This process will demonstrate how to remove the internal assembly and tighten the metal shaft on a Sonicare FlexCare toothbrush.

To complete this, you will need 5-10 minutes and the following:
Standard flat head screwdriver
#0 Phillips screw driver
A little common sense

Step 1: Disassembly

Remove brush head
Using a standard flathead screwdriver
Gently twist the bottom plug until it releases
Gently remove the plug

Please note the tabs holding the plug in place are soft plastic and look like they will easily break.

Holding the body, push down on the metal shaft. Because of the seal it will take a little effort so I used side of the handle on my screw driver to break the seal and push it down.
Pull the internal assembly out

Hi, followed your instructions, tightened the screw. powers on, but no vibration. Any other suggestions?
It is possible that maybe there is something else that is broken? For me it was just a loose screw. <br> <br>If you locate the problem, please post a reply. <br> <br>Good luck!
<p>I had this problem on mine. It ended up being that the coils had slipped forward and come in contact with the metal base that makes the head vibrate. Basically, there needs to be a small air gap between the end of the electromagnetic coils and the shiny metal peice just in front of them. If they make contact, the vibration is greatly reduced. There are two slotted screw holes on the assembly at the base of the coils. One of them is under the circuit board, so you will need to remove the entire assembly to get to the other screw. Loosen them up and pull the coils all the way back, and i used a piece of thin plastic between the coils and the metal piece to maintain the gap when I pushed the coils back up. Tighten the screws and remove the plastic, and reassemble. </p>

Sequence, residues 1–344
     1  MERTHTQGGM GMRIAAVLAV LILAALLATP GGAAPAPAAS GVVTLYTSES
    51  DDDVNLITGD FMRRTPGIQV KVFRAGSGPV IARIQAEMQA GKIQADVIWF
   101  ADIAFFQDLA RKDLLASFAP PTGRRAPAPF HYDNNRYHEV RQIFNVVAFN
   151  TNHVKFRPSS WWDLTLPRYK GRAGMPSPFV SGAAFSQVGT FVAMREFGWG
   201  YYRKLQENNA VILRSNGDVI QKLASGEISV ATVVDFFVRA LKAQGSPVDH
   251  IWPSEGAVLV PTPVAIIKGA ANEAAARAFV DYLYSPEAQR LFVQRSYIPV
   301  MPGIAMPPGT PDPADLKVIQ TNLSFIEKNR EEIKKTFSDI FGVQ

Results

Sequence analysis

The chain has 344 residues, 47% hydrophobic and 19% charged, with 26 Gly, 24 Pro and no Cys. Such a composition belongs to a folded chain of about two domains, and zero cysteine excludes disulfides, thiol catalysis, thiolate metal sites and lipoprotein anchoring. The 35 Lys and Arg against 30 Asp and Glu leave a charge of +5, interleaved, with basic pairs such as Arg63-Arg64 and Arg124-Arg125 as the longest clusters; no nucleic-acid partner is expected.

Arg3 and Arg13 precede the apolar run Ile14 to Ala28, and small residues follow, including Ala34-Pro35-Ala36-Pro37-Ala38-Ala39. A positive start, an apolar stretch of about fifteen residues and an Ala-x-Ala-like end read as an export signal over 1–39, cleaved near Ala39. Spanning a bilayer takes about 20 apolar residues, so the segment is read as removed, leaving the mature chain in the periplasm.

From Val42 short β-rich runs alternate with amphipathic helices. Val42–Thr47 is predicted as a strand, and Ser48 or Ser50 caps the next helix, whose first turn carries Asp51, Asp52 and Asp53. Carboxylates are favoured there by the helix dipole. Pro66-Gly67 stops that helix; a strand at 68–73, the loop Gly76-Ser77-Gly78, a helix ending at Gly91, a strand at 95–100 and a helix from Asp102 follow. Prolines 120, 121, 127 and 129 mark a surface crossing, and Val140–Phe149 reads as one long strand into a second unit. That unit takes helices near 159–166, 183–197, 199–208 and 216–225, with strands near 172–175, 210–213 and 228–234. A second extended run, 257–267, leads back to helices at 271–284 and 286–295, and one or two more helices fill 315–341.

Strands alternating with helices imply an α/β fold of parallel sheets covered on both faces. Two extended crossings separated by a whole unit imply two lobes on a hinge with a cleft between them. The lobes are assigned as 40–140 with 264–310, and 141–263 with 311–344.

<p>Thank you. I had this same problem on two sonicare brushes. Perhaps this is a common problem.. </p>
<p>Thanks. This seems to be the problem with mine. Making the electromagnet-mechanical gap bigger helped it.</p><p>If anyone is interested, I measured the voltage at the coils during operation to be about a 260Hz, 10Vp-p, modified sine wave with the pulse widths being 1.5ms on high, 1ma on medium, and 0.5ms on low.</p>
<p>I had the same problem. Battery power is fine but when you turn it on, you hear a slight vibration. I took it all apart and found that the metal piece that goes between the electromagnet and the top rotating shaft had sheared off. (see picture) It is permanently busted. You cant order these parts. It might be possible to get a &quot;parts only&quot; broken one off e-bay and cannibalize it.</p>